3 Things You Didn't Know About Costco

Here's what makes Costco different than Wal-Mart.

Jul 13, 2014 at 10:06AM

Warehouse giant Costco (NASDAQ:COST) was founded in 1983 in Seattle, Washington. Since its early days the company has grown to nearly six-hundred fifty locations, competing directly with Wal-Mart's (NYSE:WMT) Sam's Club stores. 

Understanding Costco's underlying business is the best way to decide if you should buy the stock now. Here are three things you didn't know about Costco. 


Image courtesy of Costco

Costco doesn't make scratch on chicken's
Customer's love Costco's super cheap rotisserie chicken's, the company sells over 60 million a year, but did you know Costco makes next to nothing on them? The same holds true for almost everything you buy in Costco; the entire business model is based on selling goods at pencil thin margins. 

Costco makes the overwhelming majority of its profit on up-front membership fees. The idea is that once members sign-up, they'll be so delighted by the low costs that they'll happily stay members for years. If you're considering Costco's stock you should be aware of this. The last thing you want to do, is panic about this strategy after a bad quarter.

Costco's high wages may help the bottom line
Costco employee's are very well paid compared to traditional retailers. The average cashier at Costco is paid in the teens, as opposed to closer to $9/hr for Wal-Mart. Overall, the average Costco employee makes over $20/hr, while the average Wal-Mart employee makes a little over $12/hr. On the surface this would seem like an unnessary cost for Costco, yet the stock has delivered superior returns. Why?

COST Total Return Price Chart

COST Total Return Price data by YCharts

The answer is that the cost of investing in employees, tends to pay outstanding dividends in retail. The biggest costs that Costco avoids are related to employee turnover. The overall turnover rate for retail is somewhere in the neighborhood of 25%. In a interview with Jim Sinegal, Motley Fool CEO Tom Gardner learned that Costco's turnover is less than 10%. By having lower turnover, Costco spends less time with under staffed stores, which leads to less overtime expenses. It also has to spend less on hiring, both advertising for new positions and training, thanks to low turnover. Add in the good PR, and side stepping labor disputes, and you can see why Costco's gone this route. 

Finally there is a loyalty effect that is less tangible, but equally as important. Employee's who work for Costco for years, and feel fairly treated, tend to provide better customer service. They feel invested in the company. 

Costco is trying to read your mind
In the CNBC Documentary "Costco Craze: Inside the Warehouse Giant" we saw just how much of a role psychology plays in Costco's strategy. Brian Wansink, a Consumer Behavior Professor from Cornell University, explained that "when a business is membership based, impulse buying happens more frequently." Because of the nature of Costco's business members may feel an urge to buy more than they need to justify membership costs, or simply because everything is sold in bulk. The unique experience of "scoring deals" actually leads customers to buy more as well. 

What Costco does to capitalize on this is truly unique. About 75% of its merchandise is staples, such as cereal or pasta and the remaining 25% is what Costco calls "treasures." The treasures are flashy items such as high-end electronics and even price slashed wedding dresses; they're aimed at keeping the Costco experience unique.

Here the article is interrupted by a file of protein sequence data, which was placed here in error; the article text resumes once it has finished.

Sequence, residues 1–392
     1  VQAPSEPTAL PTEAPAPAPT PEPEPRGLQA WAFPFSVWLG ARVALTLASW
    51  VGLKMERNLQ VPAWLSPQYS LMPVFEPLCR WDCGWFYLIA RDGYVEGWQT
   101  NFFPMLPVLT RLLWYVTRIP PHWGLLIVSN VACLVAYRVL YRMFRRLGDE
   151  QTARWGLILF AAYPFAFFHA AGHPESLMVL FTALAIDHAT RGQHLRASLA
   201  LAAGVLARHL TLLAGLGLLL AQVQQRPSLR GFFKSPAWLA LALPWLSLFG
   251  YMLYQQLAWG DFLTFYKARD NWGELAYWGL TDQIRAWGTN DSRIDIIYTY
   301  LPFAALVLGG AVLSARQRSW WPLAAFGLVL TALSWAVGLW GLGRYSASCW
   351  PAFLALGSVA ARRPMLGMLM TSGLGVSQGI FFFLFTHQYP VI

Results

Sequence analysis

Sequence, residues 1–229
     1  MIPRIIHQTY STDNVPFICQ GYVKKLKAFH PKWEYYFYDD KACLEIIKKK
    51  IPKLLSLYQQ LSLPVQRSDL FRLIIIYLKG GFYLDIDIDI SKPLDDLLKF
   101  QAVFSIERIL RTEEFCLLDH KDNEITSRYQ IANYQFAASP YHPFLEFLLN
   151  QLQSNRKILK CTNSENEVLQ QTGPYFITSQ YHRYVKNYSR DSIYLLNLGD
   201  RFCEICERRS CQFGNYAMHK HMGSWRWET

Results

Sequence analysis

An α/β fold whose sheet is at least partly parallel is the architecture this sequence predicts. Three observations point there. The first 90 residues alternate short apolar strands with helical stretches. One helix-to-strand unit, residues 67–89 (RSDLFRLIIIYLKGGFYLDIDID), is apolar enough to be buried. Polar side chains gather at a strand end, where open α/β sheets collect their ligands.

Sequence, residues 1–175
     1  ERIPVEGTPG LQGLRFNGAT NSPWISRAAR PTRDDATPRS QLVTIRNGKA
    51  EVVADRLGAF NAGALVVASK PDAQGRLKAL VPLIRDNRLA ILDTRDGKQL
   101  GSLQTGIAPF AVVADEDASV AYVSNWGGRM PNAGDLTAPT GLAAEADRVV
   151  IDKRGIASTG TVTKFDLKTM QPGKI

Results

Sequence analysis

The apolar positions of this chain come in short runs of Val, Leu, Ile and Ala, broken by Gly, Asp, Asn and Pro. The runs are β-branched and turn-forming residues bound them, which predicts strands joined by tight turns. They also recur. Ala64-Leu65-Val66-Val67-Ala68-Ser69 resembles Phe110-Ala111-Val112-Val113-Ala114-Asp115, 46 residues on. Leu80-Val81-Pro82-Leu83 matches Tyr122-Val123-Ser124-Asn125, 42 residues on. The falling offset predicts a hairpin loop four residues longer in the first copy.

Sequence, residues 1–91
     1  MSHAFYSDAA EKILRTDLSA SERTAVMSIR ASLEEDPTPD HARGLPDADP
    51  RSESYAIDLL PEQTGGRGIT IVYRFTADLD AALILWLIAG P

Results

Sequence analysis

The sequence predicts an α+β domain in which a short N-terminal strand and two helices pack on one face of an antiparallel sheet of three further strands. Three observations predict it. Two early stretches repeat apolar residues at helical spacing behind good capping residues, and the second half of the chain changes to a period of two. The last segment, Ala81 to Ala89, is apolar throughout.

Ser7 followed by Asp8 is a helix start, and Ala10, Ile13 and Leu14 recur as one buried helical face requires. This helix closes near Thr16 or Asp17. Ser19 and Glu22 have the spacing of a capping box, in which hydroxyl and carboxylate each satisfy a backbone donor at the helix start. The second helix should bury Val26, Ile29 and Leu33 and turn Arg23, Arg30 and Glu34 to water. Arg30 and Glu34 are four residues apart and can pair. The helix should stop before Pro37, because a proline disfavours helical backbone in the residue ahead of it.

So Costco's sales process is two-step. They get you committed to looking for a great deal early on, and then they hook you with their "treasures." This has the tendency to delight customers. 

Costco is different
Costco does things its own way, usually with terrific results. It sells products at razor thin margins, but delights customers so much that it doesn't need to spend on advertising. In the end, it's a delightfully effective business. With that said, you should take time learning more about all the nuances of the business before you buy the stock. 

Hopefully, these three facts will help you get started.

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Adem Tahiri has no position in any stocks mentioned. The Motley Fool recommends Costco Wholesale. The Motley Fool owns shares of Costco Wholesale. Try any of our Foolish newsletter services free for 30 days. We Fools may not all hold the same opinions, but we all believe that considering a diverse range of insights makes us better investors. The Motley Fool has a disclosure policy.

A Financial Plan on an Index Card

Keeping it simple.

Aug 7, 2015 at 11:26AM

Two years ago, University of Chicago professor Harold Pollack wrote his entire financial plan on an index card.

It blew up. People loved the idea. Financial advice is often intentionally complicated. Obscurity lets advisors charge higher fees. But the most important parts are painfully simple. Here's how Pollack put it:

The card came out of chat I had regarding what I view as the financial industry's basic dilemma: The best investment advice fits on an index card. A commenter asked for the actual index card. Although I was originally speaking in metaphor, I grabbed a pen and one of my daughter's note cards, scribbled this out in maybe three minutes, snapped a picture with my iPhone, and the rest was history.

More advisors and investors caught onto the idea and started writing their own financial plans on a single index card.

I love the exercise, because it makes you think about what's important and forces you to be succinct.

So, here's my index-card financial plan:


Everything else is details. 

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